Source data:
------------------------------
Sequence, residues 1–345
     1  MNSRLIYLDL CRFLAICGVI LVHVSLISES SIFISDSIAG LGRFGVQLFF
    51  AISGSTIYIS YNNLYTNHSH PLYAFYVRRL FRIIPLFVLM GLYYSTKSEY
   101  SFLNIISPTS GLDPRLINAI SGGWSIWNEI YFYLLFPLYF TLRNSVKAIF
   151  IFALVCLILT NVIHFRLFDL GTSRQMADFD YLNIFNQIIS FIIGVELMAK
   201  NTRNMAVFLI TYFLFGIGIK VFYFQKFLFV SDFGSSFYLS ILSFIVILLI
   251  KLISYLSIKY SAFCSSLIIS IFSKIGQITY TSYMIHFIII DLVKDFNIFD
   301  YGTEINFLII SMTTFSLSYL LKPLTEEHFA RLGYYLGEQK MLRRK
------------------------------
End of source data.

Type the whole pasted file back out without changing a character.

Sequence, residues 1–345
     1  MNSRLIYLDL CRFLAICGVI LVHVSLISES SIFISDSIAG LGRFGVQLFF
    51  AISGSTIYIS YNNLYTNHSH PLYAFYVRRL FRIIPLFVLM GLYYSTKSEY
   101  SFLNIISPTS GLDPRLINAI SGGWSIWNEI YFYLLFPLYF TLRNSVKAIF
   151  IFALVCLILT NVIHFRLFDL GTSRQMADFD YLNIFNQIIS FIIGVELMAK
   201  NTRNMAVFLI TYFLFGIGIK VFYFQKFLFV SDFGSSFYLS ILSFIVILLI
   251  KLISYLSIKY SAFCSSLIIS IFSKIGQITY TSYMIHFIII DLVKDFNIFD
   301  YGTEINFLII SMTTFSLSYL LKPLTEEHFA RLGYYLGEQK MLRRK